We know that California’s aquatic species are at risk from a host of stressors and that drought pushes them closer to the brink. Yet there are significant gaps in our understanding of key factors affecting ecosystem health that make it difficult to effectively manage water for the natural environment. Good practices from other dry places offer lessons for protecting our struggling species and improving conditions in troubled ecosystems.
Water accounting―tracking how much is there, who has claims to it, and what is actually being “spent”―can provide a clearer picture of how and when to allocate water for the environment. Other states have improved their water information systems and reduced environmental problems.
For example, the Colorado Water Conservation Board has a network of high-tech stream gages to monitor freshwater ecosystems. These gages send text or email alerts to state environmental water managers within minutes of approaching low-flow conditions. Staff can respond quickly by requesting an evaluation of priority water needs among local water users and, where possible, shifting water to meet environmental needs.
By comparison, California lacks stream gages on half of the rivers and streams that support critical habitats. This makes active management of environmental water during droughts very difficult, if not impossible, in many parts of the state.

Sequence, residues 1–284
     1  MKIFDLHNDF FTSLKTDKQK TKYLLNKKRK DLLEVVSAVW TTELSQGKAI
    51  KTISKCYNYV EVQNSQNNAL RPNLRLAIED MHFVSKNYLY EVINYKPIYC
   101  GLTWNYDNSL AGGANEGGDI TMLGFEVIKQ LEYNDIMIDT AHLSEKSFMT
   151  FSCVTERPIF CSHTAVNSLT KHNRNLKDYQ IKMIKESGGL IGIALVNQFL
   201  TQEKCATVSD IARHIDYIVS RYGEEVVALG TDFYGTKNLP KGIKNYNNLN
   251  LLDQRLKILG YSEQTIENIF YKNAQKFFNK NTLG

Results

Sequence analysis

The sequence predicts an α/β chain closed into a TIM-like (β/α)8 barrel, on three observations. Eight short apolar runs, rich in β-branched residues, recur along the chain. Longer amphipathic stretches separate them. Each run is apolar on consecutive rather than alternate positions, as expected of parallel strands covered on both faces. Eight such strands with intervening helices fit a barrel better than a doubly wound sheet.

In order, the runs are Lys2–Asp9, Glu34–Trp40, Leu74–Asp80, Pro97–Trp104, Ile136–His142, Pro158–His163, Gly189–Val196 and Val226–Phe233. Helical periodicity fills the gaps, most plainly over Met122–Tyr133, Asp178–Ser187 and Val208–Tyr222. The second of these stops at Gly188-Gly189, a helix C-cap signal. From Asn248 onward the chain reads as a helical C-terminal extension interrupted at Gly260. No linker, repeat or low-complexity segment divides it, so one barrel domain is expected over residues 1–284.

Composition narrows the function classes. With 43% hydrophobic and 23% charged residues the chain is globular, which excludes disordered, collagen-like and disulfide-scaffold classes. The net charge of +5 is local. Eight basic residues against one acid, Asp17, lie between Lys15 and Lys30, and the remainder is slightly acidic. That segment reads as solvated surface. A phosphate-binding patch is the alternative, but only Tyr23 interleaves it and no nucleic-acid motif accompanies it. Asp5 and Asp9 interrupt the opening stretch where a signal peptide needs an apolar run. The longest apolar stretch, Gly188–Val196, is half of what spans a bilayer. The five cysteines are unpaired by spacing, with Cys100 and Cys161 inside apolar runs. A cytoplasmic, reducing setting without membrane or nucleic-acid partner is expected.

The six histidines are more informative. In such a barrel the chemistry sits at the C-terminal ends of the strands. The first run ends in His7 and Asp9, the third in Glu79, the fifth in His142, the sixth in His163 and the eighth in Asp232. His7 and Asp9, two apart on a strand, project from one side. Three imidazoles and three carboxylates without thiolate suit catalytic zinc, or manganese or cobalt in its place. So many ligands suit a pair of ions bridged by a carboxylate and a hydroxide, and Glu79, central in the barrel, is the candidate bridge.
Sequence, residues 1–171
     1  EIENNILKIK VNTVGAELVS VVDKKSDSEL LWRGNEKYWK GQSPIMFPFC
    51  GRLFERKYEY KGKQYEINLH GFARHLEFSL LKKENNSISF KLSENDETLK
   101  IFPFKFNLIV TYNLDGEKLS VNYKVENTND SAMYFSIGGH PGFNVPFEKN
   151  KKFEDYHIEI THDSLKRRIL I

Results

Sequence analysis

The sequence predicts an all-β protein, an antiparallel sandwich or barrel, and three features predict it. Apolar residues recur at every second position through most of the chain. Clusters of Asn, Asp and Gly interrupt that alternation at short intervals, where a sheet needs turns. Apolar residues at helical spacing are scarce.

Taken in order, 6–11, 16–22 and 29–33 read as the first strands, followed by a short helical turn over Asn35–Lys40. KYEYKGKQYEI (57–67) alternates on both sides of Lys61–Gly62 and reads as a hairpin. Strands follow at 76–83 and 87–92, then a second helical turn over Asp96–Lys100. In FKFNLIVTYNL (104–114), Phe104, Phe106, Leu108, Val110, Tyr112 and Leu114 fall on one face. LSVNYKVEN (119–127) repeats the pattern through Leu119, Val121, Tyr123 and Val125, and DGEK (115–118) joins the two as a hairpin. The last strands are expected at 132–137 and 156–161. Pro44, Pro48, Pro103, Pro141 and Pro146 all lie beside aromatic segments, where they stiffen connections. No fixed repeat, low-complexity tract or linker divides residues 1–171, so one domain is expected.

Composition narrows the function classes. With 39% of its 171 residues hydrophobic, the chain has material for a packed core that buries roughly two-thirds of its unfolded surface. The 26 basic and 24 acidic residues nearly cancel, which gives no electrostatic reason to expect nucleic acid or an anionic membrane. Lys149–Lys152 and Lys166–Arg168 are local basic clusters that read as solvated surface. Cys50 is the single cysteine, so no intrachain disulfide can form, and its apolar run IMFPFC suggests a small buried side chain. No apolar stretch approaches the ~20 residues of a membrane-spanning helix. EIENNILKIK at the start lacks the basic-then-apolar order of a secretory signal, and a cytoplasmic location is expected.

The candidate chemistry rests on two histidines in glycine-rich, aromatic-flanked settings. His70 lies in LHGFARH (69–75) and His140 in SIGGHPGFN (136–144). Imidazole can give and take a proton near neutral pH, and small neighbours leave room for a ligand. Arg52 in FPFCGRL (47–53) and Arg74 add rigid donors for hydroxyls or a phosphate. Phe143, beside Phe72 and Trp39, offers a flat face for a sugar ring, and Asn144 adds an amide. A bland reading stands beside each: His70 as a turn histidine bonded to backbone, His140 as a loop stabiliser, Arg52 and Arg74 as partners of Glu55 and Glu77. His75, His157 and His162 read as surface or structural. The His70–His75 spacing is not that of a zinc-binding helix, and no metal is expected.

Better accounting can also help us prepare for drought, rather than just respond to it. Making better use of water during average and wet years can stabilize or enhance at-risk ecosystems. This increases their resilience to drought.
For example, drought-prone Victoria, Australia, uses sophisticated water accounting tools to coordinate environmental flows for all types of water years. Victoria also collects and organizes information on a number of critical ecological indicators for thousands of miles of streams and wetlands. This inventory informs Victoria’s short- and long-term decision making about where and when water will be most beneficial to ecosystems and thus helps build drought resilience.
California has a significant body of research on freshwater ecological indicators, but the information isn’t organized in ways that make it readily useful to environmental water managers.
Managing water for the environment is more than a technical challenge. It’s a social process that relies on complex decisions made by water users, regulators, and other stakeholders. Examples from other arid regions suggest that this social process is improved by having access to accurate and timely information. Strengthening water accounting in California is key to improving our ability to manage water for the environment and building the social license necessary to act. Before the next drought pushes more freshwater species to the brink, we would be wise to follow the lead of other semi-arid regions and invest in accounting systems that improve our understanding and management of our rivers and streams.